Never underestimate the effect of the floor! I think that every time I do a good mop and vacuum and the same thinking applies to the use of rugs.
Rugs can help to define a space within a larger area and add colour, texture and pattern. In a colourful room the floor offers another surface to add interest to and in more a minimalist interior a floor rug can be a great way to anchor a zone and stop it from being overly bland.
The use of timber in our interiors contributes warmth and a connection to nature. Timber can be cut, sculpted and bent making it a versatile material for furniture and one that can add an additional softness and comfort through its form as well as through its colour and grain.
Timber readily complements other materials—it would be unusual for us to have a material palette that didn’t include timber. Also, the colour and grain of different species work well together so don’t be shy about mixing it up for a rich and interesting interior.
The closer you can get to solid timber for your furniture the more life you will get out of your piece—both in its aesthetics and its durability. Many of the pieces in this image collection are solid timber and you get a sense of both their quality and the ‘from nature’ qualities they add to a room even from a photo.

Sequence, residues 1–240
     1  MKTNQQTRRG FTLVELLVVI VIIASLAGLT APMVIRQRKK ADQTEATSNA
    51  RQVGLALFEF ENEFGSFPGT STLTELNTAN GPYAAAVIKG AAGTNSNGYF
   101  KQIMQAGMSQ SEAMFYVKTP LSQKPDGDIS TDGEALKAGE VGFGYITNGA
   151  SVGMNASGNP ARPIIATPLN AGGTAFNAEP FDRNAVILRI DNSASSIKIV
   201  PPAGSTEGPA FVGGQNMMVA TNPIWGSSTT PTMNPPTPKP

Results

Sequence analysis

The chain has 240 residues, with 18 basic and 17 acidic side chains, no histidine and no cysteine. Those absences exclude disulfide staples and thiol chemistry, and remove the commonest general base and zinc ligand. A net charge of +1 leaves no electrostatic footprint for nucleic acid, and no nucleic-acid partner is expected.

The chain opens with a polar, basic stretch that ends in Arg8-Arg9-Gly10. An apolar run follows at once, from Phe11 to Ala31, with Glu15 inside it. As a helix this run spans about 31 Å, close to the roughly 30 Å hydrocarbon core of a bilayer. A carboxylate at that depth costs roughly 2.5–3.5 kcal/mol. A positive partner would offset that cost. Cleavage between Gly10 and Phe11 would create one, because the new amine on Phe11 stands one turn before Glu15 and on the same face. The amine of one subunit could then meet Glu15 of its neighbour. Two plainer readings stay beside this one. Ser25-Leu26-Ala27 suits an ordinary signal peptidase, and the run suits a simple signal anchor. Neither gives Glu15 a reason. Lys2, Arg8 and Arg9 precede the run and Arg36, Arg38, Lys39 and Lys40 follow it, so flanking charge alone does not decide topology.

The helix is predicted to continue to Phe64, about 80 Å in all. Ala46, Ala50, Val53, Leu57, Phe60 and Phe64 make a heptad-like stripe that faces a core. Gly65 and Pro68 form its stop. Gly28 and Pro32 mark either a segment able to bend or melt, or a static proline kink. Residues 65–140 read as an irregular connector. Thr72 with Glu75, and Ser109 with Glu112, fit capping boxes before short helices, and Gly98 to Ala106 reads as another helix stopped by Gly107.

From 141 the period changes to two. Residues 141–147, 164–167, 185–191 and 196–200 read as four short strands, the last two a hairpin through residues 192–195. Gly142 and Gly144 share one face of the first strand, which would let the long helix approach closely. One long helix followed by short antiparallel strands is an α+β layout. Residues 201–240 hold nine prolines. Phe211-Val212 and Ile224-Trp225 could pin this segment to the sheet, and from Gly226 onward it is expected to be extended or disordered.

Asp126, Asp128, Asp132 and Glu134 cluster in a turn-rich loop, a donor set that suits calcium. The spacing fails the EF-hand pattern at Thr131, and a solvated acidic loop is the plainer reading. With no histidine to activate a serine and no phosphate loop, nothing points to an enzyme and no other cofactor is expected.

I don’t think I need to quote studies (they exist!) to convince you that having natural products such as timber in our buildings offers feel good factors that mimic spending time outside in nature.
A popular way to incorporate timber in our built environment is through interior cladding and panels used instead of, or alongside, other wall finishes.
The inherent warmth of timber as well as its variation in colour and grain adds comfort and richness. The increasing availability of different finishes and profiles such as battens or scallops contribute further interest and a sense of craft.
This is probably my favourite section in our Summer Series. I love, love, love well crafted joinery and believe timber is such a powerful material to improve the warmth and comfort of a space.
We can incorporate timber in our joinery in its solid form, as a veneer and as plywood. We can use it for cabinets, shelving sections and as tactile, sculpted handles.
Timber is very versatile in its adaptability to suit many design styles as you can select for a colour, cut (which effects the amount of pattern in the grain) as well as finish from gloss, satin, oiled or rustic rough cut.
Stone: Bench Tops
Stone’s organic appeal is in its variation in colour and grain created through the gifts of nature and time. It also has the potential to be a sculptural as well as practical material on our homes.
There is more variety in natural stone but we can enjoy some of the same effects in engineered stone, commonly used in kitchen and bathroom work surfaces.
As a material applied to our home’s interior design, stone’s sculptural nature is well utilised in furniture. Its weighty solidity makes pieces feel grounded and one piece can combine roughly cut, smoothly polished or carved finishes.
For a singular design element it carries a lot of crafted and organic characteristics, as well as exuding quality and timelessness.
Stone & Tile: Fire Place
Our fireplaces are often the focal point of a room and part of a broader design element incorporating joinery, TV, ledges and art. The visual presence of stone alongside its non-flammability make it a great material for this area.